I don’t typically do reviews of new sheet music publications unless they have a specific woodwind-doubling focus, but I’m making an exception here because I think this is a project that is especially useful and has potential to change the landscape of “classical” saxophone repertoire (and other instruments, too).
I have a repertoire problem. My file cabinet is full of wonderful, important music that is written almost exclusively by dead white men. I would like to change that—to perform and teach music representing a greater diversity of composers, and particularly living composers.
But it’s hard to escape the inertia of the “standard repertoire.” And sorting through mountains of new pieces by composers I haven’t heard of (yet), to find the best ones, the ones at the right difficultly level for my students, and so forth, could cost me thousands of dollars and thousands of hours. It’s daunting, and so I fall back on the same pieces I’ve taught over and over.
NewMusicShelf Anthology of New Music: Alto Saxophone, Vol. 1 is an elegant solution. For the price of a standard-repertoire concerto, it contains 16 works composed (or at least revised) within the last 20 years. The composers (listed on NewMusicShelf’s website) are diverse and distinguished. Many are young.
The collection is curated by Alan Theisen, a composer and saxophonist well-positioned to accomplish this task due to his interests and connections in the world of new music. (One of his own compositions is included in the anthology.)
For me as a performer and educator, this anthology helps solve several problems: the pieces are thoughtfully selected for quality and variety, the publication is very affordable, and its presence in my studio is a strong step toward currency and representation in concert saxophone music. All are for solo alto saxophone or saxophone and piano, so the performance logistics are simple (no large/unusual ensembles, electronics, or other potential barriers). The pieces are playable by undergraduate-level students (but, as Theisen points out in his introduction, “absolutely suitable” for more advanced players as well). It’s an easy, cheap, and practical way to grow my performing and teaching repertoire. (This is an unsolicited review of a copy I purchased myself.)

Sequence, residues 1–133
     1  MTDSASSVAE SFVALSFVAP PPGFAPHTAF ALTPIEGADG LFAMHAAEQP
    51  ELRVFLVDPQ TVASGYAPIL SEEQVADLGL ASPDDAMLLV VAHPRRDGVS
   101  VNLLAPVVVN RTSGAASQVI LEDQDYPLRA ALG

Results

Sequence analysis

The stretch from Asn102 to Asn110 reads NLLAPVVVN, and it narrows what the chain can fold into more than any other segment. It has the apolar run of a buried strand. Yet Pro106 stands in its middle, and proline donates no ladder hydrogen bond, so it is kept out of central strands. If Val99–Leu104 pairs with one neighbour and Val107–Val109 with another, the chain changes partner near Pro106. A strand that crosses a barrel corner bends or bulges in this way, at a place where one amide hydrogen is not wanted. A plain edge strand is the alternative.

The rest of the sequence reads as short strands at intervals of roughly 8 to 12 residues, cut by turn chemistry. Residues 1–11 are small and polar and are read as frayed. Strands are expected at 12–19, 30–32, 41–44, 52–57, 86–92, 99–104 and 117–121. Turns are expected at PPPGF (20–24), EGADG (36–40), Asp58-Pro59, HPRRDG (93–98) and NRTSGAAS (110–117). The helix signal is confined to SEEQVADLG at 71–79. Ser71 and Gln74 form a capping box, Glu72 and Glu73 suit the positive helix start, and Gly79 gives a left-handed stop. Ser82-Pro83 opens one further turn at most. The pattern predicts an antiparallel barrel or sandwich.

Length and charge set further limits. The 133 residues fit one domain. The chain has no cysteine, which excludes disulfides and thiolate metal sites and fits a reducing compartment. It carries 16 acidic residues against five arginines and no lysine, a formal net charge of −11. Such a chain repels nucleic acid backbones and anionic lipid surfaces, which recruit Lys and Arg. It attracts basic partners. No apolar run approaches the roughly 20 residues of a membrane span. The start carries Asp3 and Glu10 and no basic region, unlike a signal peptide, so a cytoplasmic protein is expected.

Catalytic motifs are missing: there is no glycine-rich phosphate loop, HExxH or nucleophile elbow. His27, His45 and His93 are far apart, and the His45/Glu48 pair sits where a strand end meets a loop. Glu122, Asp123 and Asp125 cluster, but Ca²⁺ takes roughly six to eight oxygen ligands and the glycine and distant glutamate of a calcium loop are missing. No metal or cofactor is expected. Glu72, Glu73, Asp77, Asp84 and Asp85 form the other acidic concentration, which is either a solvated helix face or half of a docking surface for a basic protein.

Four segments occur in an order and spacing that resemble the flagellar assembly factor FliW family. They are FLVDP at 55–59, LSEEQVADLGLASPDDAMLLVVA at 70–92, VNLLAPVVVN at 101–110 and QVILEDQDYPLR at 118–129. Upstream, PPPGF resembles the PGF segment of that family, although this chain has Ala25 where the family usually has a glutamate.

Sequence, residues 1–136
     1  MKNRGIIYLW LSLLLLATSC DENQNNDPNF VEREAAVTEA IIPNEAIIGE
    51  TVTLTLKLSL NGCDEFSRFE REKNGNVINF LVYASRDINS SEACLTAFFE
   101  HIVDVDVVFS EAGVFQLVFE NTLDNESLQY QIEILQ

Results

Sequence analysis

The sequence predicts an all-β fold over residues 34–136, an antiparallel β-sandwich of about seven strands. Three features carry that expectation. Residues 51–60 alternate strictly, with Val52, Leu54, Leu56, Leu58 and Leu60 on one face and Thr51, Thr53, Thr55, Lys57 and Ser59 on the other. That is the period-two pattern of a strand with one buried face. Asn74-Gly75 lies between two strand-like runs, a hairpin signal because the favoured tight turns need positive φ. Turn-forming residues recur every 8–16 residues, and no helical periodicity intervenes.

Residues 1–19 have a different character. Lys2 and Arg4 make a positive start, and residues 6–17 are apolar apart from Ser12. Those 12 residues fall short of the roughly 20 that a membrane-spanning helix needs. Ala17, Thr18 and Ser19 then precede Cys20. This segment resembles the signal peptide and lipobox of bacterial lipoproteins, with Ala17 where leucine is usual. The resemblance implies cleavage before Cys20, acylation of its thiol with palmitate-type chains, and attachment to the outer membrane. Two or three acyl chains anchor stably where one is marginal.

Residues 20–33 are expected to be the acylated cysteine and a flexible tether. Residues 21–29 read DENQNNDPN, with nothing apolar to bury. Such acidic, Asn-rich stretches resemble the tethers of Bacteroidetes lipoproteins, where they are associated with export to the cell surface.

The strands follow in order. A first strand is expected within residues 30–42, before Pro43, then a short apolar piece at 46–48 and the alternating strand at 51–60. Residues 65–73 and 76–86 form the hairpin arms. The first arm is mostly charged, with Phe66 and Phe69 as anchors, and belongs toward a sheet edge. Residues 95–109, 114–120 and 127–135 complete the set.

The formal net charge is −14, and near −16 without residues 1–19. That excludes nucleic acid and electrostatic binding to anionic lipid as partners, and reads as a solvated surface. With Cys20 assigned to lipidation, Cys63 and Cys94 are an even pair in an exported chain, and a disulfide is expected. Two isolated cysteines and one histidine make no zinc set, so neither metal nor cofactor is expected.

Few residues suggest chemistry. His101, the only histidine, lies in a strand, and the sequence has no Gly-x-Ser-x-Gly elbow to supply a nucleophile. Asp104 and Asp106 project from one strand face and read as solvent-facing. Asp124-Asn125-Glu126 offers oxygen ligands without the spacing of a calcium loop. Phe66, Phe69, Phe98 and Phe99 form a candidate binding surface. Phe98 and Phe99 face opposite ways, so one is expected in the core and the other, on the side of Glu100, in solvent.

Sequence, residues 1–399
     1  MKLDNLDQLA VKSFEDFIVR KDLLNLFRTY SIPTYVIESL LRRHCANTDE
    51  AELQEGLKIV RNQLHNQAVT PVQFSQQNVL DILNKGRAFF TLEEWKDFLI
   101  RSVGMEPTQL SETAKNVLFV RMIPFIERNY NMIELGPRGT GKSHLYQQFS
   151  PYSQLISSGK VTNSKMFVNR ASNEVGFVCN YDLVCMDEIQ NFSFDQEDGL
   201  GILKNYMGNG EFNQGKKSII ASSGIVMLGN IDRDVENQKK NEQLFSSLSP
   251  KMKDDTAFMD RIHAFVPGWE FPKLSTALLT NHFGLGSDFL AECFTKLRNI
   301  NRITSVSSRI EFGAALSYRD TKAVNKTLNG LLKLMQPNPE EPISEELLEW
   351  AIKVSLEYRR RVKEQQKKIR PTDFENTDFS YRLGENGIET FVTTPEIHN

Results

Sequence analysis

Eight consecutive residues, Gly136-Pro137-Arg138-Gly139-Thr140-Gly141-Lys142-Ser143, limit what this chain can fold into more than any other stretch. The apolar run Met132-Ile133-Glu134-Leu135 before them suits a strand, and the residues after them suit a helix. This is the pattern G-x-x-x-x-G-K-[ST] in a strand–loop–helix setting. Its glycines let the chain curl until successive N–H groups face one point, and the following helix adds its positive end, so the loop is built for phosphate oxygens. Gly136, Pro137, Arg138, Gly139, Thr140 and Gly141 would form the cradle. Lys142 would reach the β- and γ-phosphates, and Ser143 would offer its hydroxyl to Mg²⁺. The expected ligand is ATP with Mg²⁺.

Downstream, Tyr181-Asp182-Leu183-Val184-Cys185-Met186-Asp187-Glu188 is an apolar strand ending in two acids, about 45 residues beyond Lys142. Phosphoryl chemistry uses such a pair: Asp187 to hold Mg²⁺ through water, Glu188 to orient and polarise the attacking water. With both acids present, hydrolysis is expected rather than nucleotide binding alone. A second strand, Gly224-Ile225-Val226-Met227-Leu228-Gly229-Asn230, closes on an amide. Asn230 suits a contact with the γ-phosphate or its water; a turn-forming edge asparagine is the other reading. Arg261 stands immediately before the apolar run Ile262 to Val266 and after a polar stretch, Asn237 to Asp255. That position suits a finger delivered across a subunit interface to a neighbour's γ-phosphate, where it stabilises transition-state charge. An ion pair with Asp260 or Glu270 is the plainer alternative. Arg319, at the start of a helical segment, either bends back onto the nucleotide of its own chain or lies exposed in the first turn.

A couple of small complaints: the saxophone and piano parts are “perfect bound” (like a paperback book) and thus don’t lay flat on a music stand. NewMusicShelf indicates on their website that this is to facilitate library shelving (and points out that, hey, you can disassemble and re-bind it yourself if you want), but I’d rather see a more performer-oriented solution. And the books contain a web link promising composer headshots and program notes, but the link is currently broken and I couldn’t locate the content on the website. Still, a very worthwhile purchase.
The “Volume 1” label is hopefully indicative of more to come. A flute volume appears to be in the works, and calls-for-scores for clarinet, bassoon, and some other instruments are currently open. Collections for voice and for viola are already available. Kudos to NewMusicShelf and Alan Theisen for this extremely valuable aid for teachers and performers.